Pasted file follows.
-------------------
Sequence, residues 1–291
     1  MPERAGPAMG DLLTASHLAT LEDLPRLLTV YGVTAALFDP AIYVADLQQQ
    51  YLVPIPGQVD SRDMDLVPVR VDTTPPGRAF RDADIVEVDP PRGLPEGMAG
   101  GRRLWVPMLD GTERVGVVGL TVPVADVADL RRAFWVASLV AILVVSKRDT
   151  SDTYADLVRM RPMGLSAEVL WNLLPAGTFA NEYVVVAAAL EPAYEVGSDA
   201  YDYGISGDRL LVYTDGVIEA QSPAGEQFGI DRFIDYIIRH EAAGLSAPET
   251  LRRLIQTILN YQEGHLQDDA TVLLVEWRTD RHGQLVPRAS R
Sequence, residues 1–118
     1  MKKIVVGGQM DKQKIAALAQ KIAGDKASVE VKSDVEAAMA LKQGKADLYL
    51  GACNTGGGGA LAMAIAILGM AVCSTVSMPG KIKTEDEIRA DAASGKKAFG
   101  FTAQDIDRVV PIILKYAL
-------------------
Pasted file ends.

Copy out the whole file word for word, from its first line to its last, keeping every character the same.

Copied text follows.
Sequence, residues 1–291
     1  MPERAGPAMG DLLTASHLAT LEDLPRLLTV YGVTAALFDP AIYVADLQQQ
    51  YLVPIPGQVD SRDMDLVPVR VDTTPPGRAF RDADIVEVDP PRGLPEGMAG
   101  GRRLWVPMLD GTERVGVVGL TVPVADVADL RRAFWVASLV AILVVSKRDT
   151  SDTYADLVRM RPMGLSAEVL WNLLPAGTFA NEYVVVAAAL EPAYEVGSDA
   201  YDYGISGDRL LVYTDGVIEA QSPAGEQFGI DRFIDYIIRH EAAGLSAPET
   251  LRRLIQTILN YQEGHLQDDA TVLLVEWRTD RHGQLVPRAS R
Sequence, residues 1–118
     1  MKKIVVGGQM DKQKIAALAQ KIAGDKASVE VKSDVEAAMA LKQGKADLYL
    51  GACNTGGGGA LAMAIAILGM AVCSTVSMPG KIKTEDEIRA DAASGKKAFG
   101  FTAQDIDRVV PIILKYAL